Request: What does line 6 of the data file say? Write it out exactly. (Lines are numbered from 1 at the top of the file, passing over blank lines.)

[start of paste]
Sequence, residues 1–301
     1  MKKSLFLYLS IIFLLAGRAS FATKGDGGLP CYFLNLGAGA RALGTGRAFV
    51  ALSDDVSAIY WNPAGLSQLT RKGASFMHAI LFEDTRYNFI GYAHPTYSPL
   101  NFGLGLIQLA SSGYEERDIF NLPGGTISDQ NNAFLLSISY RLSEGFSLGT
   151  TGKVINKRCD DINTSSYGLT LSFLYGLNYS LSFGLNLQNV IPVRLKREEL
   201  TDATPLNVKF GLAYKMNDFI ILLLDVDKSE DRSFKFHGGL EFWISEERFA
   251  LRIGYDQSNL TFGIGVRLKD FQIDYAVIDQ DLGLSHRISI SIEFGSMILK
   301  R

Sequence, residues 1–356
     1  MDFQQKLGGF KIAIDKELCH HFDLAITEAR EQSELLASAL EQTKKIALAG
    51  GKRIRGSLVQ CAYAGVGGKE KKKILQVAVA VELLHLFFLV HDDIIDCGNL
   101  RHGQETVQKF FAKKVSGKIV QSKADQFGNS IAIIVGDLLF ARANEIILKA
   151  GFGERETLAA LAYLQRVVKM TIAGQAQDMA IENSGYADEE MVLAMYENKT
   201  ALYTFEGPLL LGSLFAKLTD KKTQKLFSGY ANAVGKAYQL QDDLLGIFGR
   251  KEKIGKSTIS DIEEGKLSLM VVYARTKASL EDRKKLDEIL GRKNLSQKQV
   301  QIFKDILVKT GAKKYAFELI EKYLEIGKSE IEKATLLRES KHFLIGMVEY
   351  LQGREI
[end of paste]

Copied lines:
   201  TDATPLNVKF GLAYKMNDFI ILLLDVDKSE DRSFKFHGGL EFWISEERFA